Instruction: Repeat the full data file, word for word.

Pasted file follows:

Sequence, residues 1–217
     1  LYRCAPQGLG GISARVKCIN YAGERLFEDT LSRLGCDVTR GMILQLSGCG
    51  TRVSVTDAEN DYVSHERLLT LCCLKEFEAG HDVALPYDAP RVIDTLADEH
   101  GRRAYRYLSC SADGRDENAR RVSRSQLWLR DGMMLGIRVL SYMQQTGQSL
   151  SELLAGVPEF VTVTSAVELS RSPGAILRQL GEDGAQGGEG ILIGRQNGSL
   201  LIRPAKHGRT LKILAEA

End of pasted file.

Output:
Sequence, residues 1–217
     1  LYRCAPQGLG GISARVKCIN YAGERLFEDT LSRLGCDVTR GMILQLSGCG
    51  TRVSVTDAEN DYVSHERLLT LCCLKEFEAG HDVALPYDAP RVIDTLADEH
   101  GRRAYRYLSC SADGRDENAR RVSRSQLWLR DGMMLGIRVL SYMQQTGQSL
   151  SELLAGVPEF VTVTSAVELS RSPGAILRQL GEDGAQGGEG ILIGRQNGSL
   201  LIRPAKHGRT LKILAEA